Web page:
Tag Archives: Tokyo

Shinjuku Gyoen – Tokyo, Japan

Shinjuku Gyoen National Garden

(81)  33.350.0151
1 Naitomachi, Shinjuku,
Tokyo 160-0014, Japan

www.env.go.jp/garden/shinjukugyoen

Open Hours:
09:00 – 16:00    Daily except holidays

Shinjuku Gyoen is a calm oasis in Tokyo’s bustling in Shinjuku.  Definitely worth a visit as it was originally an imperial garden for Lord Naito -, a “daimyo”(feudal lord).  Strolling through, you can experience the lovely landscaping that translates the earths peace into your body.  A rare occurrence without traveling far outside of major cities!  Cherry blossoms and rhododendrons in spring and chrysanthemums abound in summer.

Shinjuku Gyoen is considered  to be one of the most important gardens from the Meiji era.  It shows the expansion of knowledge and culture as it divides into three main areas:  a French formal garden, an English landscape garden and a Japanese Traditional Garden.

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Washoku Nada – Tokyo, Japan

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Washoku Nada

(81)  36. 427.9238
Fuji Building, 2-23-8  Higashi, Shibuya-ku, Tokyo 150-0011, Japan

www.washoku-nada.com

Open Hours:
18:00 – 24:00    Monday – Saturdays

Close to Shibuya Crossing in Tokyo, one finds Washoku Nada, a gem of a neighborhood restaurant.  Yoko Araki opened Washoku Nada  in 2009 after training at the Honke-Owariya soba restaurant in Kyoto, along with her brother, chef Tetsuya Araki (who also trained in Kyoto).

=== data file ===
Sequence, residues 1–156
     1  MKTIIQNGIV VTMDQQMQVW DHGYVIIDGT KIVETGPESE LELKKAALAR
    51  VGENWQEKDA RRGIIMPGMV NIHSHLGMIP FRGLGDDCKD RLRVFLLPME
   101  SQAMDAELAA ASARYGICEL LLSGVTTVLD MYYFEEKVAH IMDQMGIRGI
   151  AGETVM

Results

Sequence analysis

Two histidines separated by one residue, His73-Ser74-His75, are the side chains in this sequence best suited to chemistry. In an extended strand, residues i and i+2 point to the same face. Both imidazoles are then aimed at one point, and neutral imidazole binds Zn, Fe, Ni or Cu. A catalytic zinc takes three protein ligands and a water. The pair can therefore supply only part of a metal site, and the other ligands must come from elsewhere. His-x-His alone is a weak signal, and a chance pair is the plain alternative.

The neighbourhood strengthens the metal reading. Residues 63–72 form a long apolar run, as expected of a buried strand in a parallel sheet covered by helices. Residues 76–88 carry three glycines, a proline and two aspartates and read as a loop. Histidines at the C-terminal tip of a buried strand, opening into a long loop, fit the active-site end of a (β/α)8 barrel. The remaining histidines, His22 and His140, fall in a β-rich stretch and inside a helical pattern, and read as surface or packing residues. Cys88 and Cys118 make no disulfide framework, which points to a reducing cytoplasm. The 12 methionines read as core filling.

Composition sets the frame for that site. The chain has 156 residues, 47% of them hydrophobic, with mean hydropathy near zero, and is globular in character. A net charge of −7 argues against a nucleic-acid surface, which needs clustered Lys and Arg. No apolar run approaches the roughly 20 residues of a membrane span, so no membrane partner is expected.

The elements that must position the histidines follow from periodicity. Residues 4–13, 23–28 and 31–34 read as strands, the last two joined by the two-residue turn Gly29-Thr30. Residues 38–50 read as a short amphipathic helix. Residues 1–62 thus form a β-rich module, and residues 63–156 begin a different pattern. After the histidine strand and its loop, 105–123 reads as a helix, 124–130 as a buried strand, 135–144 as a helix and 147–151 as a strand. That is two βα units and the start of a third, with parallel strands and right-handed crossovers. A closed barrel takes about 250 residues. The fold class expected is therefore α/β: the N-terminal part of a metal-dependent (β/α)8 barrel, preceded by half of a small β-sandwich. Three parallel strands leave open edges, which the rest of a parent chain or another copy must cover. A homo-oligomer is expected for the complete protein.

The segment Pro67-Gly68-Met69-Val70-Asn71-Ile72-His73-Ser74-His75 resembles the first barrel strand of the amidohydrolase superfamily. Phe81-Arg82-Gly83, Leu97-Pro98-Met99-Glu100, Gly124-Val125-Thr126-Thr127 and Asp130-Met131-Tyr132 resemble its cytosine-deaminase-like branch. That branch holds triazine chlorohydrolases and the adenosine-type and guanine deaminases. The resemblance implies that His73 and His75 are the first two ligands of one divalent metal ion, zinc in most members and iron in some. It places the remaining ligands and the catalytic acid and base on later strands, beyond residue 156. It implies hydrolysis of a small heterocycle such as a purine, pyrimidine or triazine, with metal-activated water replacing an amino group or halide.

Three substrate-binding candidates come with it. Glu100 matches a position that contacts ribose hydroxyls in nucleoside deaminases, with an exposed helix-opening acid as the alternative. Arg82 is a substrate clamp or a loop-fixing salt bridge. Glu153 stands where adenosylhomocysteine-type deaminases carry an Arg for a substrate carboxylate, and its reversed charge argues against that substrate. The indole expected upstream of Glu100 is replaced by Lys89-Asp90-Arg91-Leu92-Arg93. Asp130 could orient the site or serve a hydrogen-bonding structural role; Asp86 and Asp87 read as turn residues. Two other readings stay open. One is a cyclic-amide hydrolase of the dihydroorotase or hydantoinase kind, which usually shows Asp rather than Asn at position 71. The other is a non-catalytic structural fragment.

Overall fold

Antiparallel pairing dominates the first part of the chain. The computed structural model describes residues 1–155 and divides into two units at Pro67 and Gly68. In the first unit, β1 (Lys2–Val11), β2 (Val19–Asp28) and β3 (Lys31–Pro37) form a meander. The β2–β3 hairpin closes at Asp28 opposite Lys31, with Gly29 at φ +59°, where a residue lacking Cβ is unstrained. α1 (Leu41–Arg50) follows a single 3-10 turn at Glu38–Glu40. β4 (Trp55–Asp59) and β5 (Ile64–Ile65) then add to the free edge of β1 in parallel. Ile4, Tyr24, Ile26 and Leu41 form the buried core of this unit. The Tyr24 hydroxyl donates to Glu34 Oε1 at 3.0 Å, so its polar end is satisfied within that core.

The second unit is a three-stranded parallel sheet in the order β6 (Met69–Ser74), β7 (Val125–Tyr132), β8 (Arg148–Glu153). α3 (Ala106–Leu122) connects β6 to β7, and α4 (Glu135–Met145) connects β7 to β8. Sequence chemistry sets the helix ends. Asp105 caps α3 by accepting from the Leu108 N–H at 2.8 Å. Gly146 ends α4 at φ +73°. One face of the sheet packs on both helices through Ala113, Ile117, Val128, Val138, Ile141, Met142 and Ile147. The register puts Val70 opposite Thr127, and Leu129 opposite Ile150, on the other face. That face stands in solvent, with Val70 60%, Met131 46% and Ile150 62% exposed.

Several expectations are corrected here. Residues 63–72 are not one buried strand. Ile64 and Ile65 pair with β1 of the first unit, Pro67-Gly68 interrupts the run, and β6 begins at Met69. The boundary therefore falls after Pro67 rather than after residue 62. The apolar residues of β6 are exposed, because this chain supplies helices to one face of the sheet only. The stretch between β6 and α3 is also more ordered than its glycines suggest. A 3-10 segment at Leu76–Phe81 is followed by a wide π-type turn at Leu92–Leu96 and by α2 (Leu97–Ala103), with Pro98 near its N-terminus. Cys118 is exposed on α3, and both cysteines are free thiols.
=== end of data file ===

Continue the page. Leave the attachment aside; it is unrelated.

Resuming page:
Washoku is the term for traditional Japanese Food and is recognized by UNESCO as an “intangible way of life” that helps define the island population.  The 4 key elements present are:

1. Ingredients: rice, vegetables, mushrooms, fish, sea dwellers and seaweed
2. Culinary approach: raw, steaming, boiling or stewing
3. Nutritional content: balanced nutrients seen in the many dishes being offered
4. Hospitality: in the full sense of the experience and how it effects your life

The Hospitality above is a much more total concept then what may come to a typical western thought on the subject.   One should include Yoko Araki’s background, as it is present in every  detail.  From the artfully displayed dishes to the carefully paired ceramics and cloths that accompany each dish.  Each dish that is made lovingly and with a wholesome deliciousness that you feel in your soul.

 

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above photo – owner Yoko Araki,  with chef Tetsuya Araki © Tokyo calendar

Reiyukai Shakaden Temple – Tokyo, Japan

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Reiyukai Shakaden Temple

(81)  35.563.2500
1-7-8 Azabudai Minato
Tokyo 06-0041, Japan

www.reiyukai.jp

One can count the space age the black star temple of Reiyukai Shakaden Temple among the many places in Tokyo that seem straight out of a Science Fiction movie!

Completed in 1975, this red and black granite complex sheathed in electrochemically coloured black-steel shingles, is home to the Buddhist sect Reiyūkai (霊友会 Spiritual-Friendship).   Reiyūkai emerged as an offshoot of Buddhism in 1925 by Kakutarō Kubo and Kimi Kotani, focusing on ancestral worship without a priesthood.

The temple is open to explore and consists of: the Main Hall, the Plaza, the Kotani Hall, various conference rooms, a cafeteria, a child care room, and a nurse’s office.

In Japanese, “Shakaden” means the “House of Shakyamuni.” It is a place where anyone can seek to further practice the teachings of Shakyamuni Buddha and the Lotus Sutra.

Interestingly, as Reiyūkai Buddhism has at its roots in the 1923 Great Kantō earthquake, the temple houses a reservoir with 400 tonnes of drinking water for use in the event that Tokyo is struck by another major disaster.

Note: As this is an active Temple, no photo are allowed in the expansive interior.

 

 

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